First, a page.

Tozi’s intelligence and cunning is well developed. Hancock in no way talks down to the intelligence of his readers or insults them with ridiculous clichés. She is not a superior character simply because she’s not a dude with a dick, but you believe in the small steps she takes towards growing in her evolution. The sorcery tropes in general are handled in a far more subtle way than J.K. Rowling’s infamous wizardry obsession, and I do enjoy Tozi, overall, far more than Hermione. Maybe that’s a bit unfair, War God is obviously meant to be read by adults, even with a younger witchy girl as a protagonist. Either way, with only three books into his career in fiction, the real life Indiana Jones has already proven he’s a badass master wizard.
The anime One Piece covers the same occult treasure charting territory as War God, but on the opposite end of the emotional spectrum. The rather obvious danger of long serialization and fictional trilogies is that characters and repeated plot elements become tired if the world building is not expansive enough. Both fictional innerspaces have a potential for the epic lore of a story to be continuously deep as it unravels rather slowly, rather than the far more common experience of ending up flat and stale, something that I miss about the tremendous potential of Naruto and Bleach, in the early stages.
The acquisition of power by young girls is also a predominant theme in anime, encompassing an entire sub-genre called mahou shoujo that parallel’s Tozi’s slow mastery of witchiness. While most every American knows Sailor Moon as the popularization moment of the trope, Princess Knight started it (1953) and the trope was in some ways brought to a kind of strange psychedelic perfection in the experimental Puella Magi Madoka Magica series and films.  It’s interesting that global transmedia seems to be recalling not-too-distant memories of paganism, which are quite different from the Rinzai sect of Zen, for instance, in Japan—or any other of the “do not eat the plants” sects of religion.
While pop culture has attempted to make psilocybin initiations something strange and even related to dubious persona’s like NBC’s Hannibal, Graham changed my life by unconsciously encouraging me to explore both the light and dark sides of altered states in relation to my graphic novel YUGAVERSE. Shadow healing can have a profound impact on philosophical disposition, but psychedelic themes do not need to be overt in art in order to be subversively effective, either.
Hancock claims that through his use of ayahuasca he was able to see, in the intense holographic download flashes that characterize the experience, the epic time period of the Spanish inquisition in a new way, one in which magic (white, grey, black) was present in shaping history. Ayahuasca proved that his lifelong fascination for lost archeology was a way of recalling how magical power once sincerely dominated human civilization.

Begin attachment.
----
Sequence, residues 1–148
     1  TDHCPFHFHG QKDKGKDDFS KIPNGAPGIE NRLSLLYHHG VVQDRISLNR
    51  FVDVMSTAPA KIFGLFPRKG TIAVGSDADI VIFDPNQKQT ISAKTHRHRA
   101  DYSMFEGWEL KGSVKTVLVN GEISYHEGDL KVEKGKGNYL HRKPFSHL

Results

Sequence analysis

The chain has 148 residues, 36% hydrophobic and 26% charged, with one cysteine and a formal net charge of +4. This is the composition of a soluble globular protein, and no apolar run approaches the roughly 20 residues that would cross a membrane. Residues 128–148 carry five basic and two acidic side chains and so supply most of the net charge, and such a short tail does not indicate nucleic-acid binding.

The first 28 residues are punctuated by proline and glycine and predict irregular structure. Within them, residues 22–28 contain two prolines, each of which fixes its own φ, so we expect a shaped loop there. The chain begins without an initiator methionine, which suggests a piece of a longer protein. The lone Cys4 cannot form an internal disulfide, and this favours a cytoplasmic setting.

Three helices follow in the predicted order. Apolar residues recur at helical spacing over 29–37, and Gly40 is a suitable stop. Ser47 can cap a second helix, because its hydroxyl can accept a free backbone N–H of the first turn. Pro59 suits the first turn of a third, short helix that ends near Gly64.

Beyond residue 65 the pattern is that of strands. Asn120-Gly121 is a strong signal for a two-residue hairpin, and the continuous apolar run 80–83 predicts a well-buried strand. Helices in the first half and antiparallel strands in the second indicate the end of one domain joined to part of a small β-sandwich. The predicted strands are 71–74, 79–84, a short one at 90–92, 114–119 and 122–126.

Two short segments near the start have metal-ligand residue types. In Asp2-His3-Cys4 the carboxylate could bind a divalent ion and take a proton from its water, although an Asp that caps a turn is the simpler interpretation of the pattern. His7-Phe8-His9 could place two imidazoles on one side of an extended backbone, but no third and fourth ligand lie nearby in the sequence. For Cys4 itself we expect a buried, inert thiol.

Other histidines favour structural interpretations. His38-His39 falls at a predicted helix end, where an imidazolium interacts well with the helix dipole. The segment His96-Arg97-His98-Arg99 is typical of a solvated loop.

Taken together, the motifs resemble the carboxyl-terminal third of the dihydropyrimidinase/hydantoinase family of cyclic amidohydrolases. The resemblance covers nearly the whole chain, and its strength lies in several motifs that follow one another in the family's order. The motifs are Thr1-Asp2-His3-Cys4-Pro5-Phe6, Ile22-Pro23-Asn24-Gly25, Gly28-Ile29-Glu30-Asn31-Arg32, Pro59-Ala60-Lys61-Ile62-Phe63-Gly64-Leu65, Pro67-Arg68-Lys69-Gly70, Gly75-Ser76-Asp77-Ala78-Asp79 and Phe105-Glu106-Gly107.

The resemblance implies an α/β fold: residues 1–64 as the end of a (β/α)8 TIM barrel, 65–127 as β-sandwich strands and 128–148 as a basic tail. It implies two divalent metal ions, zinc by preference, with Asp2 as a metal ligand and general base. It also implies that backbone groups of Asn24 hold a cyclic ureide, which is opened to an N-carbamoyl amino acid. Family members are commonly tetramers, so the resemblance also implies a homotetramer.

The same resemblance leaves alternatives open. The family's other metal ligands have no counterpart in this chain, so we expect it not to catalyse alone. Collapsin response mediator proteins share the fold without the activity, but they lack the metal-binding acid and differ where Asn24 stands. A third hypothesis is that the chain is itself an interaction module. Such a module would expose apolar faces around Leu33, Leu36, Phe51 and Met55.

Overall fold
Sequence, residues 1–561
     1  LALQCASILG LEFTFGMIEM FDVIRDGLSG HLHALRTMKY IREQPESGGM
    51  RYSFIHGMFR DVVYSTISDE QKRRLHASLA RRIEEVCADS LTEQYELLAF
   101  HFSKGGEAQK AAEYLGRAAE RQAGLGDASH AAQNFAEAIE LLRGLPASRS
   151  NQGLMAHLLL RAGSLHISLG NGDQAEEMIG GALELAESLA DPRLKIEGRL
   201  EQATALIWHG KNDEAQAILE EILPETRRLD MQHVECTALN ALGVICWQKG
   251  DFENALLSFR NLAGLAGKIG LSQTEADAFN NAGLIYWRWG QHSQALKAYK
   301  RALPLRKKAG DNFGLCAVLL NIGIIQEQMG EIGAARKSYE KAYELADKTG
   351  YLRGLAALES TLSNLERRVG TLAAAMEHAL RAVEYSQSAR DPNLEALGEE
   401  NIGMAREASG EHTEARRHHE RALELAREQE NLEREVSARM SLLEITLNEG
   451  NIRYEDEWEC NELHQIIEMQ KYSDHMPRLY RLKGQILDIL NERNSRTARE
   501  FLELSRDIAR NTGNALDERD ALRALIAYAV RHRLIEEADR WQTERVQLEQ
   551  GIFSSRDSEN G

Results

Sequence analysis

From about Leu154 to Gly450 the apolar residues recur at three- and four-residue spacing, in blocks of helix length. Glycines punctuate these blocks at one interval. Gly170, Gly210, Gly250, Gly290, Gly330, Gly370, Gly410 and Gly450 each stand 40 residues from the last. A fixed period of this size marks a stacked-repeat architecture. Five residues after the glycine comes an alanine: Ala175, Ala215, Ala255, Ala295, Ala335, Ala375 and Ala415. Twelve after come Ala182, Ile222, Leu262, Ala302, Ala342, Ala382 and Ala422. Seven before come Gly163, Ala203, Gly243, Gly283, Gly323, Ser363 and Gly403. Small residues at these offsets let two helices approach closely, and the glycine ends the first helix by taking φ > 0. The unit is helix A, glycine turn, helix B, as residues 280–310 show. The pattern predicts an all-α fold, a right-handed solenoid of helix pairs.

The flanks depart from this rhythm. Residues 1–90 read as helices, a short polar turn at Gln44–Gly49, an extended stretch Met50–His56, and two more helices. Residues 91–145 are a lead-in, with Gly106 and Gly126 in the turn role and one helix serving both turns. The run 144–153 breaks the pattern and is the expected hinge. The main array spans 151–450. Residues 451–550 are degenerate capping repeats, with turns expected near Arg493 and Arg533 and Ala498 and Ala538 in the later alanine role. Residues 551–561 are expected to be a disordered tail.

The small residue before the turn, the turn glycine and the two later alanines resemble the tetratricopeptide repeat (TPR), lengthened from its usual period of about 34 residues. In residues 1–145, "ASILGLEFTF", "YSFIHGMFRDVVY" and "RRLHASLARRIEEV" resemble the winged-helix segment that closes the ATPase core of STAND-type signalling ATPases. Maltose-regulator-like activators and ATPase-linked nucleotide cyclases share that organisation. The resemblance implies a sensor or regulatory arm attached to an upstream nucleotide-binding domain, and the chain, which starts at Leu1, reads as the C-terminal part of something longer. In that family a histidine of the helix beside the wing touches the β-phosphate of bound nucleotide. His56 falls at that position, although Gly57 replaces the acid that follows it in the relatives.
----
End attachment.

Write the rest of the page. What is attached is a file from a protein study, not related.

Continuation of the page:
Suddenly readers may see the potential for how Marlene Dobkin De Rios’ work on ayahuasca divination  may relate to the fictional landscape. Maybe it is that the dark veiled glimpse of the mirror world can provide a more true version of reality than the purely historical one, but Wonderland is always the greatest of hell and heavens.
In general the biased bibliophile will always declare that imagination and the humanities are the least respected (and certainly least profitable) subjects, but perhaps the most essential in the slow churning alchemy of the Soul.
 In a recent interview I conducted, Graham indicated that he actually prefers the smoked DMT admixture changa to ayahuasca at the moment. Primarily because it is less demanding on the body and the visions are as clear while still fast acting.
 Like Hancock, Erikson has a background in archeology, which informed the 10 thick volumes (!) of his high fantasy series The Malazan Book of the Fallen. On the subject of false technological doom and the unsustainable idea of civilization, see Erikson’s letter Derrick Jensen about his anarchist book Endgame. While most people prefer Lovecraft to Robert E Howard and Clark Ashton Smith, I’m one of those utterly strange souls who delights in the Smythos as the crystalized perfection of what Lovecraft set out to do, probably because there is more magic and less monsters…but still.
 Fate, Fortune, and Mysticism in the Peruvian Amazon: The Septrionic Order and the Naipes Cards by Marlene Dobkin De Rios’
Benton Rooks co-coined the term “entheodelic storytelling” with Graham Hancock, Jeremy D. Johnson, and Rak Razam. Follow him on Twitter.